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Five Lessons For Writers From Words With Friends

Words With FriendsLike bazillions of others, I’m quite taken with the don’t-call-it-Scrabble social crossword game Words With Friends (I’m mwsmedia there — let’s play!) If you understand how to play Scrabble, you understand Words With Friends. Like its board game inspiration, Words With Friends requires more than just a good grasp of vocabulary and a fair dose of luck. There’s a strategic element to the best game play. Gradually, I’ve come to see that the best practices for playing Words With Friends are also applicable for writing.

Here are the top five lessons for writers I’ve discovered playing Words With Friends:

Don’t Go With Your First Idea

Sometimes it’s too easy: the word is right there, perhaps even literally spelled out, ready to be played. There’s a spot for it on the board, plain as the nose on your face. The points you’ll get are pretty good, too. Why not use it?

I’ll tell you why. You have seven letters. So what if the first three are “z – o – n” and there ‘s an “e” open on the board? Move your letter tiles around. See what else is hidden in there. Use your imagination. Look at the board… are there opportunities lurking beyond the range of the obvious and would be worth much more than your first choice?

Going with the first idea for a story, scene or character motivation is a strong temptation… because people are lazy. We hate to spend more energy than required to achieve the minimally acceptable result — it’s a survival trait left over from our days dodging lions in the tall grass, and it’s unnecessary today. Take a risk. Look beyond. Invest the energy to push beyond the initial output of your imagination, and you just might find something revelatory lurking in your subconscious, just waiting to lift your work above the safe and the mundane.

A Well-Placed Small Word May Be Worth More Than a Long One

In Words With Friends, you might find that it’s possible to use nearly all your letters to form a nice, board-dominating word. It’s going to look great up there… except it’s only worth seven points. Don’t forget the lesson we just learned! Look beyond. You’ve got three letters that would fit like stones in a mosaic to create not one, not two, but four words by playing off of tiles already in place. You’re headed for double-digit scoring, my friend!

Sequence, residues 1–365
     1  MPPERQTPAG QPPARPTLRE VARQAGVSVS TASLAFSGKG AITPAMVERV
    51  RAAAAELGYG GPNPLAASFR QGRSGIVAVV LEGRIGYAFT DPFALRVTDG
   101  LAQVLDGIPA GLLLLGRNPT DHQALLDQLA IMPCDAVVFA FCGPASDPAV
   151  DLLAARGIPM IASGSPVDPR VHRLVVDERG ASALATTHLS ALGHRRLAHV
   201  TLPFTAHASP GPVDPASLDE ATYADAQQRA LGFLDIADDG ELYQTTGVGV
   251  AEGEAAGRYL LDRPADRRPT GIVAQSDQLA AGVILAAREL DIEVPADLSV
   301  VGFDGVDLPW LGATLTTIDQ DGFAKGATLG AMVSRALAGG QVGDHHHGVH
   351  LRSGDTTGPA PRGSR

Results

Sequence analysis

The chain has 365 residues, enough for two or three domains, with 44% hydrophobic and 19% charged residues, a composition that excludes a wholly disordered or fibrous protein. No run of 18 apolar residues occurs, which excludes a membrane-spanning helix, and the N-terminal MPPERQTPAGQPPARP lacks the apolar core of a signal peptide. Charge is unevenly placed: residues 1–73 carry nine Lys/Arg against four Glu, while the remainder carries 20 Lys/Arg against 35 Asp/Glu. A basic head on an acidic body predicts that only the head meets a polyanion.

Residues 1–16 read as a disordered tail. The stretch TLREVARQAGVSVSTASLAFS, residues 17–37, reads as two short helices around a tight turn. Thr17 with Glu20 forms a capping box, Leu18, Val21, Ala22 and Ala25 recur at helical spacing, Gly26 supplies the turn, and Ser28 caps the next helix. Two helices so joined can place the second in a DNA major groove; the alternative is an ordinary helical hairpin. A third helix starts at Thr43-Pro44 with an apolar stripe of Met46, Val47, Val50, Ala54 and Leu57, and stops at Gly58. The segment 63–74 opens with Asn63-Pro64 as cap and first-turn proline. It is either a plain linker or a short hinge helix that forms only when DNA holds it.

Go for the high score in your writing life, too. The best word for the job is the one that communicates what you want to say to the largest audience possible. This advice is similar to Mr. Orwell’s Second Rule: “Never use a long word where a short one will do.” At the risk of presuming, I think George was saying the reader doesn’t need you to impress them with your Brobdingnagian vocabulary (see what I did there?) Rather, it’s more important to communicate with clarity and concision. Your readers will thank you by reading more of your perfectly selected words. Everybody wins!

Use Strategy And Planning To Avoid Working Yourself Into A Corner

It’s the moment in Words With Friends that frustrates me the most: the realization that you and your opponent have, very likely as a result of going with the most obvious choice (see above!) and building too readily off of each other’s last move (see below!), crammed the whole game into one corner of the board and there are two dozen tiles left in play. The rest of the game is going to be a grudging struggle to find places to put your letters within that crowded triangle until you’re both forced to spend your turns swapping letters and passing. Might as well start over… but that means someone is going to have to concede an early defeat! Your Words With Friends session has just turned into a game of chicken. Boo! No fun!

You and your opponent will have a better time if you keep an eye on the whole board and on the consequences your decisions will have as the game progresses. Just like your writing will benefit from some planning. strategy, and consideration in advance.

Writing means planning and strategy. Even you seat-of-the-pants writers strategize and plan, so don’t give me that look. You just do your strategizing and planning after you’ve written your first draft. In Words With Friends, you can’t go back and fix things… and in your writing, you’ll spend less time on your second draft if you think about how things are turning out in the first. Have your story structure, your scenes, your theme and your characters firmly in mind, work deliberately and with the whole work in mind, and you won’t find yourself written into a corner or, worst of all, forced to concede the defeat of your story.